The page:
Hon. Robert Lightbourne, OJ

Over a century ago, the Honourable Robert Lightbourne rose as a son of the soil from Morant Bay, St. Thomas, and made an indelible mark. He was born on November 29, 1909, to parents Robert Augustus Lightbourne, a former politician, and mother, Isabel Adelaide Lightbourne. Robert Lightbourne was educated at the Jamaica College in Kingston, then later studied in England. Twice married, Lightbourne’s known family tree includes five children: four sons and one daughter.

The Hon. Robert Lightbourne is referred to as a pioneer in Jamaican industrialization. He was the first managing director of the Industrial Development Corporation, from 1951-1955 and the ‘Made in Jamaica’ policy is ascribed to him, as he worked assiduously to encourage more businesses in rural communities. He developed industrial incentive laws and is credited for building several factories in Yallahs which boosted employment in and around St. Thomas. Lightbourne also provided engineering scholarships for students to study abroad, who would then return to help develop the country’s manufacturing industry. Additional accomplishments include successfully renegotiating terms of the Commonwealth Sugar Agreement and the New World Sugar Agreement, 1968, and inventing a grass-drying machine which he presented to the Jamaican Government. His industrialism was also notable in the United Kingdom (UK), where he was chairman of Juney Iron and Steel Co., Birmingham, and helped to produce key equipment needed for World War II.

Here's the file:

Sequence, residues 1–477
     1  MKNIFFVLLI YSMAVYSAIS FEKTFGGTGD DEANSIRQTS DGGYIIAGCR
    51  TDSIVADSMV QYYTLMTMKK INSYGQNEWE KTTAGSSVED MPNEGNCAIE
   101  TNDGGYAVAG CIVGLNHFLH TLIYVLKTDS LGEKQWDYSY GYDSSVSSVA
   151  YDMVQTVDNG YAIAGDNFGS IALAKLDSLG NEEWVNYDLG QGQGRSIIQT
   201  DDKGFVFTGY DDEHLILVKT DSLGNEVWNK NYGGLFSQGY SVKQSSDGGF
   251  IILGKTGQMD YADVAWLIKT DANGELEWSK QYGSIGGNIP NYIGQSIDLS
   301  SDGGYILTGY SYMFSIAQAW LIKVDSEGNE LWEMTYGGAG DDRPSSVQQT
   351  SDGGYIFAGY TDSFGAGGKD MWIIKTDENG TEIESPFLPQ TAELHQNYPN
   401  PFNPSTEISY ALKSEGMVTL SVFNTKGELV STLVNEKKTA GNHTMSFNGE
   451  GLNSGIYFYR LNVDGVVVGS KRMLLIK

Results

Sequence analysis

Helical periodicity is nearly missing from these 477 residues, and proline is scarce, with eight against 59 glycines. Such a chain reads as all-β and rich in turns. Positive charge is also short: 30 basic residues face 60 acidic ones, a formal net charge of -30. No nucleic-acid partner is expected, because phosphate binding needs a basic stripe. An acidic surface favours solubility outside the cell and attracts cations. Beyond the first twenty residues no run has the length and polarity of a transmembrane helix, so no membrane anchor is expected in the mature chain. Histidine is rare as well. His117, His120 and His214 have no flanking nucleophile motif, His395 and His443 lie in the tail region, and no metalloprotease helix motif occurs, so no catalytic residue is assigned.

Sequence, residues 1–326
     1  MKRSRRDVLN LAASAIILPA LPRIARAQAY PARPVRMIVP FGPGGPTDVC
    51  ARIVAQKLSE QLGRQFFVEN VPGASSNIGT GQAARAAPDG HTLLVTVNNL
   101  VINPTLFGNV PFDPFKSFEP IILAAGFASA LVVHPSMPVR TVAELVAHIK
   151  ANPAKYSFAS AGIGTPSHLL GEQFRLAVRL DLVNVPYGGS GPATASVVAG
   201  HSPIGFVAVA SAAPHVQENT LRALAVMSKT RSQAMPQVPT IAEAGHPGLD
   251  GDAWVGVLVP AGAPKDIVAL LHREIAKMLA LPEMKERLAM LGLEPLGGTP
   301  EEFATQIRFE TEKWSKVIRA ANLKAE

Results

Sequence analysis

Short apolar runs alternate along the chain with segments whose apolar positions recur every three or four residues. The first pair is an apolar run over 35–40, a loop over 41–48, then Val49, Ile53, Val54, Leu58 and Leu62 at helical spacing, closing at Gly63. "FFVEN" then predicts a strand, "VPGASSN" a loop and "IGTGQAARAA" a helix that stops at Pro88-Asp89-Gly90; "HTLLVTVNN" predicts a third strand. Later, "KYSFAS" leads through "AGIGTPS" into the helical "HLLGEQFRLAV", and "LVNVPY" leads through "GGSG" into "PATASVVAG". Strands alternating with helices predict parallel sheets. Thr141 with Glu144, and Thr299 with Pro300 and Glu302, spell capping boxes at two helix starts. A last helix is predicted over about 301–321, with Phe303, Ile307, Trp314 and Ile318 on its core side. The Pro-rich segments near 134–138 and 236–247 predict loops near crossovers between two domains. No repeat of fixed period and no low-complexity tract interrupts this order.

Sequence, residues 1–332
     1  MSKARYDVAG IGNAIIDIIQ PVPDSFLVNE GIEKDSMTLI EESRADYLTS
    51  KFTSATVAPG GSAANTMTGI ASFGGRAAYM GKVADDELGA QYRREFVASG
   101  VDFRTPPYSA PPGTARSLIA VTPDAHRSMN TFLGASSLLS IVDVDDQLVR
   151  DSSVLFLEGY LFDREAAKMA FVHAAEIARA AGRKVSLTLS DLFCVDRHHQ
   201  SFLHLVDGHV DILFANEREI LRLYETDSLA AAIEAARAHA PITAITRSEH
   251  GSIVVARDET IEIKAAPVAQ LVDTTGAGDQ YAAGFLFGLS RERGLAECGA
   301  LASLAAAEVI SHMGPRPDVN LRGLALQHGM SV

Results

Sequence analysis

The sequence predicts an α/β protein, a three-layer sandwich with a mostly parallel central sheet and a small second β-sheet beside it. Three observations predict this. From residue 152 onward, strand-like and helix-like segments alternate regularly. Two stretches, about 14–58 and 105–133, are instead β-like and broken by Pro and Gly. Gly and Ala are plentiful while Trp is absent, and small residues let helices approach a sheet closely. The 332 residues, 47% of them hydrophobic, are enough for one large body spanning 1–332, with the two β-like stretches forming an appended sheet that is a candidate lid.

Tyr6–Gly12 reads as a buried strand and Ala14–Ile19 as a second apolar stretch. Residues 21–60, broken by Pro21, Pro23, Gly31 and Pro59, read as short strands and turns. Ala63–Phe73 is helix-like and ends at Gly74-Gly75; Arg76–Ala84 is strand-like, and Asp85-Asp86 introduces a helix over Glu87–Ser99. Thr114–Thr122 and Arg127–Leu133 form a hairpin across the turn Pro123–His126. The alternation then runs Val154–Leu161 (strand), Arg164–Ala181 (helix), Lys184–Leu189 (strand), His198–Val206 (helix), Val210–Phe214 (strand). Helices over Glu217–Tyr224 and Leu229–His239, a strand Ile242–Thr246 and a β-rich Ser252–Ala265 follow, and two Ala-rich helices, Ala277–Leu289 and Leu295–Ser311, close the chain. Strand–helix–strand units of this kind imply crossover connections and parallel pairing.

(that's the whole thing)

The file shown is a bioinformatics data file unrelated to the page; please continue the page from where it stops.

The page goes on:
A man who stood tall during various political regimes, Mr. Lightbourne served under Prime Ministers Sir Alexander Bustamante, Sir Donald Sangster and the Right Hon. Hugh Shearer. While serving, Lightbourne showed political prowess, as he was a four-term Member of Parliament (MP) for Western St. Thomas and served as the Minister of Tourism from 1962-1972. He also served as Minster of Trade and Industry. He received the Norman Manley Award for Excellence in 1980. 
He passed away in December 1995. The Lightbourne legacy remains evident today, as he is the musical composer of the National Anthem, a reflection of his extraordinary interest in pianos, and the Robert Lightbourne High School was named in his honour.